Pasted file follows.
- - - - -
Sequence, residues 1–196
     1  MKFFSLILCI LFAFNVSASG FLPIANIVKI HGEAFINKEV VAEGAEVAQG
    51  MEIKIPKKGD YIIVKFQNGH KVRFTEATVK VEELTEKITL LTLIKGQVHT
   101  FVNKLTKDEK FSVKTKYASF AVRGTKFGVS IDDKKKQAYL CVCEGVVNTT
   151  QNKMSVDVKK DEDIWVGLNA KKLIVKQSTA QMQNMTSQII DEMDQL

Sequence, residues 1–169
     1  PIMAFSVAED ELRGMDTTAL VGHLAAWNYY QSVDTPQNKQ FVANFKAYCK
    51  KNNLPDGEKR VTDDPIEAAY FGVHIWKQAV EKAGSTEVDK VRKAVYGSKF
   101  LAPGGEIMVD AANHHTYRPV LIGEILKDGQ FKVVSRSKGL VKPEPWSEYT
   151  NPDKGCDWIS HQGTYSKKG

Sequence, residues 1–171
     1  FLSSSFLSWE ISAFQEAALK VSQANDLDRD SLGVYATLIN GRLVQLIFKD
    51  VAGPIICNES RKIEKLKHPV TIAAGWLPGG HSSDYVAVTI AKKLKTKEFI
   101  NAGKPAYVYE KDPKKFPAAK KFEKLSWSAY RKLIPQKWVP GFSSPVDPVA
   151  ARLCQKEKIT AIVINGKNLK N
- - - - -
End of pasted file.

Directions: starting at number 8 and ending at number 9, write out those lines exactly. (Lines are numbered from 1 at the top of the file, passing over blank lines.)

    51  KNNLPDGEKR VTDDPIEAAY FGVHIWKQAV EKAGSTEVDK VRKAVYGSKF
   101  LAPGGEIMVD AANHHTYRPV LIGEILKDGQ FKVVSRSKGL VKPEPWSEYT